Director: Ritesh Batra
Stars: Irrfan Khan, Nimrat Kaur, Nawazuddin Siddiqui
A mix-up in Mumbai’s lunchbox delivery system mean’s that one woman’s lunch is not going to her husband. They end up exchanging letters, and find themselves drawn to each other even though they have ever met.
The Lunchbox is a pleasant film that follows the form of the short story. Ila (Kaur) is a young housewife who feels ignored by her husband, who barely even touches her anymore. And he doesn’t even notice that he’s not getting her lunches. Saajan (Khan) is a widower who is detached from life, and just goes through the motions. But through their letters they each affect each other in surprising ways, and Sajaan finds himself becoming more involved in the world again. This is shown through his friendship with a colleague, and many of the humorous moments in the film come from this friendship.
But the theme of the film is love, and how it can impact lives in strange ways. Sajaan struggles with his age, and almost can’t believe it when his letters with Ila become more intimate. For most of the film she is the pursuer and he is more reticent, but this shifts towards the end and that leads us to…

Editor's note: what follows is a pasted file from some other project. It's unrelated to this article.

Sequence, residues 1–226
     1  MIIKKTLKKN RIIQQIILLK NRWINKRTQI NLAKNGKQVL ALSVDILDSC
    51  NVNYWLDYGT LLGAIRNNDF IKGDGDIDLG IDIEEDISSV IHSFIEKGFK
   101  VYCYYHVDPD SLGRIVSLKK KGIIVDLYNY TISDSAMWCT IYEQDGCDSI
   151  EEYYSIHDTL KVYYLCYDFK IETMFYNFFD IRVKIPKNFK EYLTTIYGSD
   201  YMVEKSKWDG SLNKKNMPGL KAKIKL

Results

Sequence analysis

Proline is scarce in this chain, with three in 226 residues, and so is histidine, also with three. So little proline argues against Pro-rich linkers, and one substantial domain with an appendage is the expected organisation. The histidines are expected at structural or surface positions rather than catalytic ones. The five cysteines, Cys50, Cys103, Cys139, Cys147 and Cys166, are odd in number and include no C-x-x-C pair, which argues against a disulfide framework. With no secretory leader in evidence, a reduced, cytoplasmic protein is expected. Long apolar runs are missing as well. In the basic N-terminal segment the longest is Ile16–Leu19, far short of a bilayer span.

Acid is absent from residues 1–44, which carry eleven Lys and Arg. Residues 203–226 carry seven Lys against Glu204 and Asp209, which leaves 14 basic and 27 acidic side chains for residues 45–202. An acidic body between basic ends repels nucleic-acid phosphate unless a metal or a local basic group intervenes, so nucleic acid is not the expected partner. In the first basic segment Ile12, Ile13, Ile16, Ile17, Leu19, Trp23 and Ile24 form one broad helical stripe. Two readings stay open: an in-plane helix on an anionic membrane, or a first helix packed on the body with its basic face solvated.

The ending, which will be divisive among people as it leaves unresolved an ambiguous. Often this can seem like a copout from the filmmaker as it shows a lack of confidence in his convictions, putting the burden on the audience to come to their own conclusions. However, in this film the ending has actually grown on me the more I think about it. I don’t think that love needs to be an absolute thing, and sometimes it can just come into your life like a flicker of a flame, illuminating something briefly, then disappearing. And sometimes it can grow and bloom and envelop your entire existence, but mostly you don’t know how long it’s going to last, and The Lunchbox reflects this.